Project funding by the BMUV

The German Federal Ministry for the Environment, Nature Conservation, Nuclear Safety and Consumer Protection (Bundesministerium für Umwelt, Naturschutz, nukleare Sicherheit und Verbraucherschutz, BMUV) has been promoting what are known as the AI lighthouses since 2019. These are federally funded IT projects that pursue the goal of contributing to environmental protection through the targeted use of artificial intelligence. The first of two lines of funding for the initiative has provided a total of €28 million to 28 projects. The second line of funding started in autumn of 2021. The AI lighthouses are intended to make Germany and Europe a prime location for AI technologies. They’re intended to make it clear which environmental challenges can be met using AI solutions and make a significant contribution to implementing the BMUV’s five-point programme Artificial Intelligence for the Environment and Climate.

Conclusion

Sustainability and environmental protection are topics that are now part of our daily lives. What we eat, where we travel, the clothes we wear – each of these have an impact on our personal environmental footprint, and now the importance of these issues has made its way into the political arena. You’ve probably heard of the United Nations’ 17 Sustainable Development Goals (SDGs). These goals form a framework for achieving the targets we as a global community wish to achieve by 2030. The 17 goals address various areas of sustainability. In its new coalition agreement, Germany’s current federal government also refers to the 17 SDGs as the guiding principle of our policy and intends to closely align its actions with them. It has set out to increase the binding nature of the strategies, goals and programmes for sustainability when taking concrete government action and drafting laws.

Current environmental problems and use of artificial intelligence

We’ve been experiencing some of the direct consequences of climate change in Germany for quite a while now – including the environmental changes that occurred as a result. Increased numbers of forest fires, prolonged droughts or frequent heavy rainfall usually have devastating humanitarian, environmental and economic consequences. Pest infestations and the increase in air and soil pollutants also have a negative impact on various ecosystems, such as forests or agricultural land.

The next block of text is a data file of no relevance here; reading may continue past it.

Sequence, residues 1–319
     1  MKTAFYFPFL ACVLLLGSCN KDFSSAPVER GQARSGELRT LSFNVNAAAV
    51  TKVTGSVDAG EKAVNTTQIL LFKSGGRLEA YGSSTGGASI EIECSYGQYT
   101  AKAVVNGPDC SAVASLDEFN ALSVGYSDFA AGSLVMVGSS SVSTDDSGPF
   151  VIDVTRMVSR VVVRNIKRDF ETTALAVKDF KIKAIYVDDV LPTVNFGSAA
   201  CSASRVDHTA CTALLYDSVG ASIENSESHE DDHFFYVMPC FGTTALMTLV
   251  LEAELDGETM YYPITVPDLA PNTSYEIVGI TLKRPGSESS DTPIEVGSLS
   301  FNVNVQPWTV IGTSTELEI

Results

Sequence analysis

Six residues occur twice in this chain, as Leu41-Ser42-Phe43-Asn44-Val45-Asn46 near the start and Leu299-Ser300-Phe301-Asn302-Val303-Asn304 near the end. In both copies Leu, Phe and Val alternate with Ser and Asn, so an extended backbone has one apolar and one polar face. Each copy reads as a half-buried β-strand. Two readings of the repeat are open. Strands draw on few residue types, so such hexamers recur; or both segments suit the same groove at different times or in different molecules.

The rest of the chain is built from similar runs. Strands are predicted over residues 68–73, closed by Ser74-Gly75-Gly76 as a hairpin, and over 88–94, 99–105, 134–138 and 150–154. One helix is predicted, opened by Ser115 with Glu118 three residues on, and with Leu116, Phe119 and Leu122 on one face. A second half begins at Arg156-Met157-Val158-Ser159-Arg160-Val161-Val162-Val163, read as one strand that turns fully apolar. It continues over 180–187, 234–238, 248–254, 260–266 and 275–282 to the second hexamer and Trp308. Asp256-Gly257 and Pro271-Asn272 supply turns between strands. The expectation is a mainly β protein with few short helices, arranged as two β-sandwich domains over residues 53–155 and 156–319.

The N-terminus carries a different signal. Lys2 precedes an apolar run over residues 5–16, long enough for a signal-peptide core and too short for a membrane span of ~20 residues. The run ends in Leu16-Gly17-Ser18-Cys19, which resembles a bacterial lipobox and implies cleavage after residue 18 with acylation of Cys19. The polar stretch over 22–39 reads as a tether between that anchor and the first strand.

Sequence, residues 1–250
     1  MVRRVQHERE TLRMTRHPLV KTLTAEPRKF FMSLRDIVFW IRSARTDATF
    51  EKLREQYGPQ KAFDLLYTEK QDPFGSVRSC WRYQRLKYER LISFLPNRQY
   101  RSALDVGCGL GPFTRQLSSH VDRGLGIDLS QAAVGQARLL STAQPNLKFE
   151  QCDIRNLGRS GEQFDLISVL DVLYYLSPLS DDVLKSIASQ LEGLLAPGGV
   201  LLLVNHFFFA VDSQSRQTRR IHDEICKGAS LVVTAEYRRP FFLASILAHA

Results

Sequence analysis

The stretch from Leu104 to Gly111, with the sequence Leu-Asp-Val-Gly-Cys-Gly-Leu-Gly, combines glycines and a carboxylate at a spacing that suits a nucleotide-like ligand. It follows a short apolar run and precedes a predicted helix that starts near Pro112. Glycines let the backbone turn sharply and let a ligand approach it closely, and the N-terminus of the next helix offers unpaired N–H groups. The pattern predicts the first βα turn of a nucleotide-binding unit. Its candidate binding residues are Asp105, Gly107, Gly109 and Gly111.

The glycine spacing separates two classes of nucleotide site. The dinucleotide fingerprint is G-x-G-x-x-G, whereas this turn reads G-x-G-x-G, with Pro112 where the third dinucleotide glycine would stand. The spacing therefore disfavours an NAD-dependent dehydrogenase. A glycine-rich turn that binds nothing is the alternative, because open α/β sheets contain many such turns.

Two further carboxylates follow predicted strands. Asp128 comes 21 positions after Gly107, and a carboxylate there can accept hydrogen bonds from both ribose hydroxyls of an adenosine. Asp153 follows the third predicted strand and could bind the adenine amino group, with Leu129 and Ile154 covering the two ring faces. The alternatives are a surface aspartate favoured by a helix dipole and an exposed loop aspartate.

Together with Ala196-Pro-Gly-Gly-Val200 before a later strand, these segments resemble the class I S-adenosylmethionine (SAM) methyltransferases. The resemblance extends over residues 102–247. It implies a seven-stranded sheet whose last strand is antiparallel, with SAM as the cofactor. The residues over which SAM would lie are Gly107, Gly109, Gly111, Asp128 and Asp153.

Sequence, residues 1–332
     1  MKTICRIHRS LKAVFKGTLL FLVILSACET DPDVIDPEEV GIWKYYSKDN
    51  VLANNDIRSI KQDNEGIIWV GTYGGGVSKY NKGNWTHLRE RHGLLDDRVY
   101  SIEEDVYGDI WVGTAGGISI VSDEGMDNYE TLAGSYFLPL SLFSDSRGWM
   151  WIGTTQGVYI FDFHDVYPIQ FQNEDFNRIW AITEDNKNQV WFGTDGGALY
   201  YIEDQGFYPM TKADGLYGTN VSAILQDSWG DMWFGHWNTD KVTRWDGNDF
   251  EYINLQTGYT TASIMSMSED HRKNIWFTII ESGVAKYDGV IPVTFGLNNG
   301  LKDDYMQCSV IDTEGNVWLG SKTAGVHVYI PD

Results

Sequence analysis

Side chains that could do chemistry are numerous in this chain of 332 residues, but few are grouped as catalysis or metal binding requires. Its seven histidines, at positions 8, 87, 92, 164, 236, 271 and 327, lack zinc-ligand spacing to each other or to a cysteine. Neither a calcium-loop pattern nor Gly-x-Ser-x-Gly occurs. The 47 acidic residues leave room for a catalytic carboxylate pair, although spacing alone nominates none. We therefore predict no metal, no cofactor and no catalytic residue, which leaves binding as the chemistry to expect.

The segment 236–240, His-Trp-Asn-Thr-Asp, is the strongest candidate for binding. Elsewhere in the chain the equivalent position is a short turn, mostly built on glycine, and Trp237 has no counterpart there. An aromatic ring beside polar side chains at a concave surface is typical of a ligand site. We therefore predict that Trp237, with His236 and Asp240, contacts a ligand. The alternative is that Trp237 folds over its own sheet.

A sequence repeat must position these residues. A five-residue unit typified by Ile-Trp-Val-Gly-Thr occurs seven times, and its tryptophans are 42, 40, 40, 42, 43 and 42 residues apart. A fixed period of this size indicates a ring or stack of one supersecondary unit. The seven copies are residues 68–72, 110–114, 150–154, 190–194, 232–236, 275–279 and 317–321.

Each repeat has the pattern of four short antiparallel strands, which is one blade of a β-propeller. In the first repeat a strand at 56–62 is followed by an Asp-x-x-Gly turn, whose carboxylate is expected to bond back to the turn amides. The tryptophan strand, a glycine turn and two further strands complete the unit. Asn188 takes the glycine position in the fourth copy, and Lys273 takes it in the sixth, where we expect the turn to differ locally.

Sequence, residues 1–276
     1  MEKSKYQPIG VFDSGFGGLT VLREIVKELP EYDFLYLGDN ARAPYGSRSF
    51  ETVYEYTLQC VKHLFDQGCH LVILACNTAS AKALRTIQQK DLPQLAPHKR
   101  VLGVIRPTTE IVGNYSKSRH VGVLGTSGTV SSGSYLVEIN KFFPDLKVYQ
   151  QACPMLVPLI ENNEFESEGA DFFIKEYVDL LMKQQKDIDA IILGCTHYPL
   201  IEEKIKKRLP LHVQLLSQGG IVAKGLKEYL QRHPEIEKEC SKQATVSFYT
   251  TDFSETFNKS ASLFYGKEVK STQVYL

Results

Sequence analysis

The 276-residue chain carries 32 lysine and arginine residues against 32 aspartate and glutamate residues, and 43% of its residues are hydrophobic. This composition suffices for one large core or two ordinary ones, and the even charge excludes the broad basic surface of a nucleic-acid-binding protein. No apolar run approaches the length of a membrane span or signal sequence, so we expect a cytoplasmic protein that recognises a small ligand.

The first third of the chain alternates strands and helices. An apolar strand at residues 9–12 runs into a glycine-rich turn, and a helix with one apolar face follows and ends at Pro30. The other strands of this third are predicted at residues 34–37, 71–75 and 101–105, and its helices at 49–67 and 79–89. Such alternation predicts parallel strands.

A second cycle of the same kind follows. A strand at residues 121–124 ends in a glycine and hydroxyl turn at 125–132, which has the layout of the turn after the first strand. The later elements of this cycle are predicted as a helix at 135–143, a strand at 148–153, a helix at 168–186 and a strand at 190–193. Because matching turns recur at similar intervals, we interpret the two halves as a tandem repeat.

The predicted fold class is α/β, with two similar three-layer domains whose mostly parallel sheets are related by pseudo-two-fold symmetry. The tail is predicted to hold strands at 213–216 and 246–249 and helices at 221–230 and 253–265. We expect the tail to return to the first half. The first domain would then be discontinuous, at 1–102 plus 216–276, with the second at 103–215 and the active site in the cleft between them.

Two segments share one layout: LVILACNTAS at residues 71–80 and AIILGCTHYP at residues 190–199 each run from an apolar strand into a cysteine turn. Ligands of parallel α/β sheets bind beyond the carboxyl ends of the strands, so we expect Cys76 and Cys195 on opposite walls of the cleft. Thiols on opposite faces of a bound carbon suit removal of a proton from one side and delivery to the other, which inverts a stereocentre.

If we want to truly understand environmental problems, systematically analyse them and take action against them using IT systems, we must draw on our most crucial tool: environmental data. For the most part, this exists in the form of vast amounts of data that are rarely accessible to the public. In the best case, environmental data should be both structured and harmonised. Only then will it be possible to intelligently link this data and analyse it. AI comes into play when dealing with very large amounts of data that have to be analysed in a short period of time. AI-based systems are able to quickly and efficiently determine important environmental parameters, such as the health of leaves in canopies or the level of moisture in soil and leaves in forest areas. Various predictions can be made by intelligently linking parameters such as these with other specific data sets, such as current and historical meteorological data. AI-based systems are then able to use all the data to detect patterns, which are used as the foundation to make predictions. Forecasts such as these can form an important basis for making decisions, not only for public institutions, such as forestry offices, but also for entities that privately manage environmental resources.